Life Wellbeing Should you consider getting LASIK eye surgery?
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Should you consider getting LASIK eye surgery?

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Spectacles are a rare sight among the celebrity set.

When your face is your fortune, it seems, it’s better to hide the fact that you need glasses to stop yourself from tripping on the red carpet or catwalk.

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Most recently, Australian model Jessica Hart opted to improve her optics and lose the optometrist’s prescription.

A little internet investigation reveals that quite a few other famous names would need to wear their specs like the rest of us if they hadn’t undergone laser eye surgery, including Brad Pitt and Nicole Kidman.

Jessica Hart recovers from her laser eye surgery in bed.
Jessica Hart recovers from her laser eye surgery in bed.

Who should get it?

More than 500,000 laser eye procedures have been performed in Australia since it was introduced twenty−five years ago. Today, the most common form of laser eye surgery is LASIK, Laser In Situ Keratomileusis, which corrects your vision using a computer-guided laser.

“It’s a low−risk, relatively straightforward procedure and, for the right candidate, results in complete independence from glasses and contact lenses,” says VISTAeyes founder, surgeon Dr Rick Wolfe.

The right candidate, according to Wolfe, is someone over the age of 18 who has a stable (long-term) prescription for short-sightedness (myopia), long-sightedness (hyperopia) or astigmatism.

Does it hurt?

Since the nineties there have been vast improvements in recovery times, which have been pared back from a month to around a day in most cases.

The technology has been refined so that more eye types and conditions can be treated − and pain is a thing of the past. The current success rate sits at an astounding 96 per cent – most patients are happy with the results achieved after a single treatment, while the remaining few may require a second procedure.

So what can you expect during treatment? “An incision is made on the surface of the cornea to allow the surgeon to access the deeper layers of the cornea,” says Wolfe. “No scalpel is necessary – everything is done with a laser.”

The entire LASIK procedure takes about 15 minutes and recovery time is on to two days. Photo: Getty
The entire LASIK procedure takes about 15 minutes and recovery time is on to two days. Photo: Getty

A computerised high-speed tracker ensures that treatment can continue even if you move your eyes, making it a virtually flinch-free experience. Discomfort is minimal, and is managed with topical anaesthetic eye drops.

“Today’s procedures are painless for the vast majority of patients,” Wolfe says.

The entire procedure takes about 15 minutes, and you can be back at work in two days, though complete healing can take up to a week.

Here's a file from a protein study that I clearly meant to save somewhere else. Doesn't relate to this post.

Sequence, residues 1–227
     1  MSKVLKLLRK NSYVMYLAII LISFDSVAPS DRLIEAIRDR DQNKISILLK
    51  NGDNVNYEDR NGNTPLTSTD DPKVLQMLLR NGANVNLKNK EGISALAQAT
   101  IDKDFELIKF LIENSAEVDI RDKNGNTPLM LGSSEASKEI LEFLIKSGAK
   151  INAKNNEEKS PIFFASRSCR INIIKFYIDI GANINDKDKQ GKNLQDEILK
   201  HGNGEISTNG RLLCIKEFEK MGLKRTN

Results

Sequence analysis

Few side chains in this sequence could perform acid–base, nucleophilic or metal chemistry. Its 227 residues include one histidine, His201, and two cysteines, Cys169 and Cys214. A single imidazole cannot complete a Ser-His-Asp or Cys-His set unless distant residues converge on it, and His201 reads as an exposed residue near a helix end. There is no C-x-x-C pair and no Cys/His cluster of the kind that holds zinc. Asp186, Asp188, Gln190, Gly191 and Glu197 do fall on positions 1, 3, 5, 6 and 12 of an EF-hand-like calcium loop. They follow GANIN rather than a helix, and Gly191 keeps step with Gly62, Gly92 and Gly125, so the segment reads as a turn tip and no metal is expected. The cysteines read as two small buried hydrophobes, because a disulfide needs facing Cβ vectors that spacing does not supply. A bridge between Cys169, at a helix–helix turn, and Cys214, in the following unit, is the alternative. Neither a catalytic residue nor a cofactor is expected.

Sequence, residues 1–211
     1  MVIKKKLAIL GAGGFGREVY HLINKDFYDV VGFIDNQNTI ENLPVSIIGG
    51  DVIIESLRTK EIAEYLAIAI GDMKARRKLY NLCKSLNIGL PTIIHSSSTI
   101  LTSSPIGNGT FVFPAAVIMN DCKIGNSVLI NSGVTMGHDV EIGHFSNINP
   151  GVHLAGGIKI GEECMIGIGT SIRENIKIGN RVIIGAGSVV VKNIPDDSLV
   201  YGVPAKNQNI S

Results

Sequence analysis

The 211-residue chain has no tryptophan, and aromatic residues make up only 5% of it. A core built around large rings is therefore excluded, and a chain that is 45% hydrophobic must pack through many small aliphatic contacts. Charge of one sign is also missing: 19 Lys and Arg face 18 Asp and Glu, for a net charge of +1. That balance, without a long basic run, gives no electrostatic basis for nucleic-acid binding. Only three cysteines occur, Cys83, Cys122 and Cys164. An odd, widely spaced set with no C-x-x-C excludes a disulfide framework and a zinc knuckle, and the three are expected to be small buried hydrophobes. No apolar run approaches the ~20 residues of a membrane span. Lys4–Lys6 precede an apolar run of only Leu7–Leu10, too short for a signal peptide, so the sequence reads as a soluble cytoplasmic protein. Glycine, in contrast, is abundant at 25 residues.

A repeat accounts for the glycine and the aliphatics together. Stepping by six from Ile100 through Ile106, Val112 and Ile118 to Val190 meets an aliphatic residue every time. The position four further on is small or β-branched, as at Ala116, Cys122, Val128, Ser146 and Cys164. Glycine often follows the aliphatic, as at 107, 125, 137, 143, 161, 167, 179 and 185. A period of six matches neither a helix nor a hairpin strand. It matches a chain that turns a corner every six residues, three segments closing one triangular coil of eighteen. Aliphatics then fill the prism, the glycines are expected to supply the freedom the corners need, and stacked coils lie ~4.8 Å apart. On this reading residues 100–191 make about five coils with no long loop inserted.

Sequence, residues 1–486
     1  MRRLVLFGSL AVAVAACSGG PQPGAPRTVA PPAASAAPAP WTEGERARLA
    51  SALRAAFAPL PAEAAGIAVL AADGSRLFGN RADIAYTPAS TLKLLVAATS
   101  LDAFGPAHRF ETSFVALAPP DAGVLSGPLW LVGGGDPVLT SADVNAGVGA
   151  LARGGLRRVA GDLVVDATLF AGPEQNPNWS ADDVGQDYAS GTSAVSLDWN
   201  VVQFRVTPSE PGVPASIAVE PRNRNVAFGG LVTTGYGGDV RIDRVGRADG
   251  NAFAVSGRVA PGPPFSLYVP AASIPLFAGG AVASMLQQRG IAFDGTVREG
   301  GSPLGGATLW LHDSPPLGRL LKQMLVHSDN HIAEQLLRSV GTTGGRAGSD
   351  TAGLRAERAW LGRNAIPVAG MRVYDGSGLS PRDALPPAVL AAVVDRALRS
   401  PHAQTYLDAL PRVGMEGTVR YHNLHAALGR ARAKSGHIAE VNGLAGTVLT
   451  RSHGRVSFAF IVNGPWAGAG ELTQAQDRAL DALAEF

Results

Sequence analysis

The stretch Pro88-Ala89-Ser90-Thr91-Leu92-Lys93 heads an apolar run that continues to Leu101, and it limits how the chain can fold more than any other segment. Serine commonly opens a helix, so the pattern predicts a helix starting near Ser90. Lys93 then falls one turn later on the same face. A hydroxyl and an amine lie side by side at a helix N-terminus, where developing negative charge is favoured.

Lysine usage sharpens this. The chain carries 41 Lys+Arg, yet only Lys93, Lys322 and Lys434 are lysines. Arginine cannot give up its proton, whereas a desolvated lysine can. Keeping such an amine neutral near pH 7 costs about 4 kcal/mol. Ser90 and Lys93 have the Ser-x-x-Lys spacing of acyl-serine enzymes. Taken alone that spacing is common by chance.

How much does it cost?

As rough guide, surgery can cost between $2,750 and $3,000 per eye.  If you have private health insurance, it pays to check if your provider covers any of the cost of your procedure, remembering that costs vary over time and waiting periods may apply.

“I am a huge fan of laser eye surgery. It has overwhelmingly positive outcomes for the right patients,” says Kelly Wilsmore, an OPSM optometrist who has witnessed the changing needs of eye patients over her twenty years in the business.

“The sort of patient this surgery suits is ideally young and active, with a mild to moderate prescription and a lifestyle that doesn’t suit glasses.”

Wilsmore refers about eight to ten people a year for laser eye surgery – but she says that both the numbers of people interested, and the numbers she actually refers, are increasing.

Think long and hard before you give up the chance to wear spectacles. Photo: Getty
L-R: Joe Jonas, Karlie Kloss and Jennifer Aniston have stuck by their spectacles. Photo: Getty

“Twenty years ago I hardly ever saw patients who gave their eyes the work out they get today. These days, you get people with a 30cm focal point – the distance from their eyes to their phones.”

“The important thing to remember about laser eye surgery is that it sets your eyes at a permanent prescription,” says Wilsmore. “Eyesight changes over time, so surgery will only correct your eyes to the prescription you need at that point in time.

So are we really staring down the end of the eyewear era? Wilsmore doesn’t think so.

“A patient has to have the right prescription and the right visual demands for laser surgery – it’s not going to suit everyone,” she says.

That said, Wilsmore doesn’t think glasses have the stigma they had in the bad old days: “They are much more trendy now – they can give a face character.”

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